1. Ordered nanoparticles with the micellar technique
The micellar approach is a bottom-up, self-assembly method utilized for nanofabrication. This technique employs intrinsically chemical or physical forces which operate at the nanoscale to assemble basic units into larger structures. Here, the self-organization of macromolecules allows fabrication of well-ordered arrays of nanoparticles with adjustable sizes and interparticle spacing on a variety of substrates. In this method, reversed micelles are formed by dissolving a block copolymer such as PS-b-P2VP in a non-polar solvent. The reverse micelles provide nanosized compartments for the metal salt precursor as shown in figure below. The interparticle distance can be adjusted by choosing the appropriate PS block length. Using the dip-coating technique, the reverse micelles confining metal salt can be transferred on the surface of the substrate as a self-assembled monolayer. The metal nanoparticles of definite size can be finally formed by oxygen plasma treatment.
2. Disordered nanoparticles with the silanization method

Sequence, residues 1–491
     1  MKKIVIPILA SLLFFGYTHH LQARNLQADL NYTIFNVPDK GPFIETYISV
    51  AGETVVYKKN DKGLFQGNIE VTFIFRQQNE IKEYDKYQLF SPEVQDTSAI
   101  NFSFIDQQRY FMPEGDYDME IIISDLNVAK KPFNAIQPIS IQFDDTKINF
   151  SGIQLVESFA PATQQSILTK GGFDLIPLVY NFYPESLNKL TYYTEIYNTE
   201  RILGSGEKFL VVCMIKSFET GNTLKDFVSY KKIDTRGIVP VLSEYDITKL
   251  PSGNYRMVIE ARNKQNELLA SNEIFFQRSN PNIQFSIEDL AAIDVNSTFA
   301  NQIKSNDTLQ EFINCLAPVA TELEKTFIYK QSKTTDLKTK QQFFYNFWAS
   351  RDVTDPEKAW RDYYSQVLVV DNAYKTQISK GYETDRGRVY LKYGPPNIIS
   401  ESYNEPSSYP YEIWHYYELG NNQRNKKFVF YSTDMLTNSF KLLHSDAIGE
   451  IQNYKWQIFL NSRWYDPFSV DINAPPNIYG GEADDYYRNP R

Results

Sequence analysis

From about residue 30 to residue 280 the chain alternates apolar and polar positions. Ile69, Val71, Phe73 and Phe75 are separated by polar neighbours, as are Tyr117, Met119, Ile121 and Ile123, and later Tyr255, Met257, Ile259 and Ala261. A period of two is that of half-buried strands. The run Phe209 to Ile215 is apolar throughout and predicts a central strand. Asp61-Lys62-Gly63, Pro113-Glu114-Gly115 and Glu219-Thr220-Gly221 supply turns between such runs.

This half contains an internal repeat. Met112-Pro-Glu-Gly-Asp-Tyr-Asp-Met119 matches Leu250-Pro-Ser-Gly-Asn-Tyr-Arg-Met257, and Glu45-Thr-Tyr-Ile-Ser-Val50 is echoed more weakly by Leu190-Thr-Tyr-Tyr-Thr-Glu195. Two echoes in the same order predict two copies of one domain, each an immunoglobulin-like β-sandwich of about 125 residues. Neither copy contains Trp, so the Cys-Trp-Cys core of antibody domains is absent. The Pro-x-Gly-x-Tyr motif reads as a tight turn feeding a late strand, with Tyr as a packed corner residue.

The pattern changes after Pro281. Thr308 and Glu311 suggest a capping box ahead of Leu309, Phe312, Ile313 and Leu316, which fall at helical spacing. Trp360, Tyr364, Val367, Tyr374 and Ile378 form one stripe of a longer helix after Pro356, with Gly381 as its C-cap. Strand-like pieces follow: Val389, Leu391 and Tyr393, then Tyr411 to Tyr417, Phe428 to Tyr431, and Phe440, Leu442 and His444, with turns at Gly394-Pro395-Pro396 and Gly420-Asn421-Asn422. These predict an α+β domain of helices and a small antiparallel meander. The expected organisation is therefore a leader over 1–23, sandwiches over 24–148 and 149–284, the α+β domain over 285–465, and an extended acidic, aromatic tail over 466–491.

In this method, metal nanoparticles (for example, citrate stabilized NPs) will be immobilized on silicon wafer with different sizes of NPs and controllable NP densities. The silicon wafer is first activated by oxygen plasma and then silanized by 3-Aminopropyltriethoxysilane (APTES) in the glove box under inert condition by vapor deposition to avoid the exposure of the water sensitive silane to air humidity. The stabilized nanoparticles in liquid are then immobilized on the APTES self-assembled layer of silicon wafer through electrostatic adsorption between positive amino groups of APTES and negative citrate shell of NPs. The size of immobilized NPs can be chose by different NP solutions and the densities can be tuned by controlling immobilization times. The unbound negative citrate shell of NPs can be removed by proper oxygen plasma treatment.